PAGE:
Brimming over with bees
I’m going to be honest with you. Covid-19 and lockdown have left me feeling decidedly befuddled. Confined to my home and garden would normally be my idea of heaven, but positive feelings are tempered with the frustration of finding online delivery slots at Sainsbury’s, incessantly cleaning door knobs, and trying to keep Andrew, my ‘highly vulnerable to infection’ husband, virus-free. Am I stressed and scared? A little. No, that’s a lie. A lot.
The garden, and its cast of solitary bees, help me relax. I tick off species in my field guide, getting my kicks from spotting the rare ones, the weird ones and the familiar ones. Each bee acts out a very different drama to the one we find ourselves living through, but they are no less dramatic. I lose myself for hours following storylines of sex, intrigue and treachery.
The latest episode playing out on the meadow – a wannabe-lawn that lost out to dandelions years ago – involves a bee called Andrena fulva, aka the Tawny mining bee. Even from a distance she’s a stunner. Luxurious fox-red hairs cover the upper side of her body, her head, legs and underside are jet-black. She’s roughly the size of a honeybee – but that’s where all comparisons end. This lady lives a solitary, short life. Once mated – the only memorable thing about her mate is his white YMCA moustache – she digs holes in the ground to lay her eggs. In my garden these holes appear Vesuvius-like in the lawn in April, mini eruptions of excavated soil heralding spring. It’s easy to mistake them for worm-casts, but watch and you’ll see her flying in and out leaving tasty pollen for her soon-to-hatch grubs. She won’t even see her young, they’ll be walled up underground in their food-laden cells until next spring. If they’re lucky.
I say lucky because their survival is not a forgone conclusion. Enter the villain of this story. Her name’s Nomada signata, aka the Broad-banded nomad. Even her Latin name reminds me of Cruella de Vil, and the creepy caricature is pretty close to the insect reality. Imagine a red and black faced bee, mainly hairless, broad yellow and black bands on her tail, smoky dark wings and two lightning strikes of yellow on her back. She’s a cleptoparasite, a cuckoo, and she’s hoping to nip into the unfinished nests of Andrena fulva. Her plan is to lay her own eggs, once hatched her young are likely to eat the eggs or grubs already there, they will definitely eat the pollen store that was meant for the Andena’s young.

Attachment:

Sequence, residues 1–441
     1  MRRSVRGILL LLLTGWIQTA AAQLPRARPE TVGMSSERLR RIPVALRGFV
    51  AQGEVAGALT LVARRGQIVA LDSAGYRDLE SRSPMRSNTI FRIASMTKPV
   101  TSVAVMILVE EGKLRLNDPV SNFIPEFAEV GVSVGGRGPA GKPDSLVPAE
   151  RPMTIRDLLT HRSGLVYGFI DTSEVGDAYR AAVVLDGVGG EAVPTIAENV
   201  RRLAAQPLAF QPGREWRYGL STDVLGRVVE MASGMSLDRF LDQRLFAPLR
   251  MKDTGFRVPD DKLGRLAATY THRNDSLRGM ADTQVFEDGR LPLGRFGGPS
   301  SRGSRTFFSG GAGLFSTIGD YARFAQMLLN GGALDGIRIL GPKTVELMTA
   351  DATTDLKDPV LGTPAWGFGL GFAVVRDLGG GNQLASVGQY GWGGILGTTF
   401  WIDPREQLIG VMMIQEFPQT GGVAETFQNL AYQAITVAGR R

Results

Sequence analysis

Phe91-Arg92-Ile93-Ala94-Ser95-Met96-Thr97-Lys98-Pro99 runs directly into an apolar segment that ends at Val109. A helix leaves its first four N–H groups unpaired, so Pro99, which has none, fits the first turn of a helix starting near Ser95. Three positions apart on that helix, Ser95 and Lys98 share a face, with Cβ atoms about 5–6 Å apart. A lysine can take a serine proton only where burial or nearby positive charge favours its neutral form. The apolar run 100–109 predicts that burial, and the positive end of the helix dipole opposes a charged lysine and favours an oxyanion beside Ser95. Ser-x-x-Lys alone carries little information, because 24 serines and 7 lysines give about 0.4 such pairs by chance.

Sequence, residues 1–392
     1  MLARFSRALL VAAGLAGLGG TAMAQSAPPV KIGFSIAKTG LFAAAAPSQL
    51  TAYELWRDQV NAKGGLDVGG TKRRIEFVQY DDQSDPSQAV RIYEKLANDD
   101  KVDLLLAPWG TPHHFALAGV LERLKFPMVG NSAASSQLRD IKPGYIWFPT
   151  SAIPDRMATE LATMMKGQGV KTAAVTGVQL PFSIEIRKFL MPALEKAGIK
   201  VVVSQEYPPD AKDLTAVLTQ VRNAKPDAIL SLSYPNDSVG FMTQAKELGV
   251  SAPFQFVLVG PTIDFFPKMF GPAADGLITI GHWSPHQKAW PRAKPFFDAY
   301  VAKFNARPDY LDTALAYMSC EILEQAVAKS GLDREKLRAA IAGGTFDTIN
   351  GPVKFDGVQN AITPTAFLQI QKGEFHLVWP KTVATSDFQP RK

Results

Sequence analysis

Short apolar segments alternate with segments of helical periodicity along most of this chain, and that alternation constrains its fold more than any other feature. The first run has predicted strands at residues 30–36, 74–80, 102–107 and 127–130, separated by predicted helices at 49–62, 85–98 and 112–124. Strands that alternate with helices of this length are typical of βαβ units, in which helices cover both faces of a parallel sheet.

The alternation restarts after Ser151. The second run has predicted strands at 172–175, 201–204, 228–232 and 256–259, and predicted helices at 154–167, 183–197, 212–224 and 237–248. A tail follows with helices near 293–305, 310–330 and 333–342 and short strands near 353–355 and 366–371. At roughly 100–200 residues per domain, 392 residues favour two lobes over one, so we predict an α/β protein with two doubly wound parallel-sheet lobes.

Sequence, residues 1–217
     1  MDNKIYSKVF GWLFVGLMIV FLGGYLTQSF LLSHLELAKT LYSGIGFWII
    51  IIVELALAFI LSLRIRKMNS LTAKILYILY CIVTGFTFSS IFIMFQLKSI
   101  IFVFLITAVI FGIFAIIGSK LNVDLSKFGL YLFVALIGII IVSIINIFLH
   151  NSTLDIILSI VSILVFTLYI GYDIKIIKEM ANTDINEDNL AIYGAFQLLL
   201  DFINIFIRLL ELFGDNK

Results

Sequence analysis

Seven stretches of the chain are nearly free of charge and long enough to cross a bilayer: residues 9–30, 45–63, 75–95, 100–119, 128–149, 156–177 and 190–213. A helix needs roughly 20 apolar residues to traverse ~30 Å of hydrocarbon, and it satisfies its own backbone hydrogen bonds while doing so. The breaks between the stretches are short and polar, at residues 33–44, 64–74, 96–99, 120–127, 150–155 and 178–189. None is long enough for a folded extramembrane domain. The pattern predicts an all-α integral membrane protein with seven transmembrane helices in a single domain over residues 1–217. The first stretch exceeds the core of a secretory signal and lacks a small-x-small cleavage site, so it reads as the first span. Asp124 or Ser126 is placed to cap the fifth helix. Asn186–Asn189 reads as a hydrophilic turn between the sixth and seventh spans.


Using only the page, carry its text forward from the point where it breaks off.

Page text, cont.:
Each spring I watch out for this scarce nomad quartering like a 10mm bird of prey a few inches above the lawn. I once found one waiting outside a nest. For an hour I lay on my stomach on spring grass, still wet with dew, as poor Andrena fulva poked her head out of her burrow, hesitated to leave, but was then drawn by instinct to collect more pollen. As soon as she left the nomad made her move, and backed slowly down into the hole. She’s a bitch, but a remarkably scarce one considering her host is so common – and something about her devious ways fascinates me.
This year I’m appreciating the bees more than ever, and look forward to each species appearing. The next one to hatch should be Andrena labiata with her distinctive red girdle who’ll feed on the tiny blue flowers of the Germander speedwell that crawl unhindered down the edge of the lawn, in July it will be Anthidium manicatum the Wool carder bee. She made an appearance in naturalist Gilbert White’s book The Natural History of Selborne in 1772, when she chewed on the leaves of the garden-campion ‘for the sake of its tomentum’. She’ll soon be using the soft fluffy ‘tomentum’ found on leaves in my garden for her nest building. I love that continuity.
Just before lockdown I ordered fifty bee-friendly plants from the aptly named RosyBee nursery, they were delivered last week. So full are the flowerbeds some of the lawn will need to be dug up to make room for these newcomers, but with their foliage and blooms will come new bees – new cast members to join my seasonal drama. Maybe they will bring new hope to a country desperate for pollinators, new life for an isolated garden in lockdown. I may be befuddled but at least my garden will be brimming over with bees.
Jane is a naturalist, photographer and nature writer living in Dorset. Her work has appeared in books, anthologies and blogs for charities such as The Wildlife Trusts and the International Bee Research Association. When she’s not exploring Dorset’s lanes and countryside she can be found lying on her stomach watching insects in her garden. www.janevadams.com and on Twitter @WildlifeStuff[registration_form]